Review – Slayaway Camp: Butcher’s Cut

A sliding puzzle based off slasher movies like Friday the 13th and Nightmare on Elm Street featuring Minecraft-esque voxel visuals and a healthy dose of dark humor. Yep, it’s official: if you want to play some creative games that are downright absurd in concept, just dive into the indie gaming market. My first reaction when I heard about Slayaway Camp: Butcher’s Cut was that there was no way this game would turn out to be enjoyable, that the premise was too nonsensical for it to work. Well, I was wrong. Pleasantly wrong. Slayaway Camp is far from being a perfect game, and it does feature some annoying elements, but it is a very good puzzle game for the Switch, without a doubt.

Aaaaaand he’s gone

The gameplay in Slayaway Camp is simple: like any other sliding puzzle, keep moving your adorably low-poly serial killer around a grid full of obstacles until you kill every single victim onscreen, and once that’s done, proceed to the exit. With the exception of maybe a couple of rewind buttons (which feature severe lag input for some reason), that’s all you need to do here, and you can even use the touch screen to slide your little Jason Vorhees wannabe around if you’re feeling like it.

The first dozen of puzzles or so are actually very easy and act more as a tutorial of sorts, but the game knows how to progressively get harder and more challenging, adding new obstacles, winning conditions, and unusual character placements that will force you to think a bit before deciding on executing your strategy. There is a hint system as well, and it uses in-game currency. Thankfully, despite its mobile origins, Slayaway Camp features no microtransactions.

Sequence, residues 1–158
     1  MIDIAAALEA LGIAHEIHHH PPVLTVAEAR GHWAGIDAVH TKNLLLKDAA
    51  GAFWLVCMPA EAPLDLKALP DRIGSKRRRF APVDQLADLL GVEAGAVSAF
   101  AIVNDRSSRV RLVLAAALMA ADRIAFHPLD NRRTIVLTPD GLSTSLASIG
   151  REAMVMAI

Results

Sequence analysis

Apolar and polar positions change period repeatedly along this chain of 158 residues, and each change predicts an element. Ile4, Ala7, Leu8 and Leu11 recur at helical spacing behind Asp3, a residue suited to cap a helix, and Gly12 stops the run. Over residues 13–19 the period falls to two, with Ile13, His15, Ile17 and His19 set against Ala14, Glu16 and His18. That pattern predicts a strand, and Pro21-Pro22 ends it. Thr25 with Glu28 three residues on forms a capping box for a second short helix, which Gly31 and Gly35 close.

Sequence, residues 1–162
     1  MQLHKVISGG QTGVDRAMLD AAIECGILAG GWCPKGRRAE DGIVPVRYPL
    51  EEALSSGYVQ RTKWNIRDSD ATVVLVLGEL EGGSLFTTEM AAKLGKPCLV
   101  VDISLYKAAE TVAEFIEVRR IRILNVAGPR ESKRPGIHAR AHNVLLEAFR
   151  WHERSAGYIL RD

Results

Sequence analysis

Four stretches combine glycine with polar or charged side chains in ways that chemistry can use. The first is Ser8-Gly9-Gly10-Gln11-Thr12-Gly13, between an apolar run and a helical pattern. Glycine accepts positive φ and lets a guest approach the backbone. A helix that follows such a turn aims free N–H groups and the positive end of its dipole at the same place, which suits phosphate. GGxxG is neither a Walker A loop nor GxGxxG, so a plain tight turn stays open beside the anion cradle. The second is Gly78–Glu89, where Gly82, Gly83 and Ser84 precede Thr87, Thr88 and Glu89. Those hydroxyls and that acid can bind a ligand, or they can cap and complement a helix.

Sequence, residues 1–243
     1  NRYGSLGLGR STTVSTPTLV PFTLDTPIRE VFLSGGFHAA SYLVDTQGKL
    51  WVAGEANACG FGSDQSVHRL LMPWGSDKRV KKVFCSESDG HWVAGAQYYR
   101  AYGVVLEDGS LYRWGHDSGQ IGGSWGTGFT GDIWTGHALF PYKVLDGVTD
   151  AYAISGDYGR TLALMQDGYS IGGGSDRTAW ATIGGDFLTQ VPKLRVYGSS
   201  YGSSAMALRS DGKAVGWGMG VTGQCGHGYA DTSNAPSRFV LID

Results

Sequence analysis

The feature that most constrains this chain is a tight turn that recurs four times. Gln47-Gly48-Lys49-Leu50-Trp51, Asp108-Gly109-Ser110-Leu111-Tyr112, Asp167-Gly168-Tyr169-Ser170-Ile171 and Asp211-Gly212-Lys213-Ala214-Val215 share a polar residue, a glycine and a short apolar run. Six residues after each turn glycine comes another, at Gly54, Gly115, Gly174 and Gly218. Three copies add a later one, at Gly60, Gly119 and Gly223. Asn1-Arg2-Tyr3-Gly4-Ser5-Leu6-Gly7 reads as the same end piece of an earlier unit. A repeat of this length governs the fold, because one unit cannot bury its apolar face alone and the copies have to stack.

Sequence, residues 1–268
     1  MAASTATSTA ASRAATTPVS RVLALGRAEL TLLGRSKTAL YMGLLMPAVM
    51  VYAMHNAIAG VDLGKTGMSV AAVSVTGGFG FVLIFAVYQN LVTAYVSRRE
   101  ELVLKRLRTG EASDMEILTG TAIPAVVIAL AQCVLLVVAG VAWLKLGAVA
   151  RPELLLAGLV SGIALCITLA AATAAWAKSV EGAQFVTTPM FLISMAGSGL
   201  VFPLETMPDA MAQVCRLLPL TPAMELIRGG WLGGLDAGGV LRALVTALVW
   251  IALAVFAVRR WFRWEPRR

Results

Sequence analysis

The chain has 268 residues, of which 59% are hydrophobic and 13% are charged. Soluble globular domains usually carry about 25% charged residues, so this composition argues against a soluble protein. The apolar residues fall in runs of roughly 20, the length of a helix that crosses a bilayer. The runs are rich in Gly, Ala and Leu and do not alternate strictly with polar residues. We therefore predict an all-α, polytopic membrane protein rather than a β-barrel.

Rated R for insane voxel gore

What really differentiates this game from the ten billion sliding puzzles out there is its presentation. Its levels are compiled in groups of around 12 puzzles each in order to resemble a horror movie VHS tape. At the beginning of each level, a narrator provides some hilarious voiceover in a movie trailer-like fashion. Killing victims is insanely gory and varied, just like your typical slasher horror flick. Thankfully, the game doesn’t try to feel like a horror movie, as it never tries to provide the sensation of fear. On the contrary, this is a comedy game at heart, and everything is presented in a tongue-in-cheek manner. The game knows 80’s horror movies are cheesy and full of clichés, and it embraces these aspects.

There’s one thing I didn’t like in this game, however: the visuals. Even though they’re one of Slayaway Camp‘s selling points, the Minecraft-ish visuals are cute (weirdly enough, considering it’s a gory game) at first, but they get tiresome after a while. Killing voxel teenagers is funny, but it won’t take long until you start seeing repeated execution scenes. Due to this fact, Slayaway Camp is best enjoyed in short sessions.

I see what you did there. The victim didn’t…

Slayaway Camp is an enjoyable puzzle title that fits perfectly with the Switch’s portable capabilities. It’s not an engaging or deep game by any means, and its Minecraft visuals are annoying after a few minutes, but it’s a good pastime in short bursts with a lot more content than expected. Hop on a little diorama, cut some naive victims in half, then put the Switch back into sleep mode. Cathartic violence has never been so practical.

Graphics: 5.5

The Minecraft-ish visuals are charming at first, but they get tiresome quickly.

Gameplay: 8.5

You basically only use the directional pad (or the analog stick) to move around and the left trigger to restart the level. Weirdly enough, that button features a very delayed response time.

Sound: 8.5

The creepy soundtrack itself isn’t very special, but the voiced introductions to every new chapter are downright hilarious.

Fun Factor: 7.5

The game is charming in its own psychotic way, as well as very challenging. Its themes can be tiresome after a while. Best played in short sessions.

Final Verdict: 7.5

Reviewed on Switch.
Also available on: PS4, Xbox One

A copy of Slayaway Camp: Butcher’s Cut was provided by the publisher.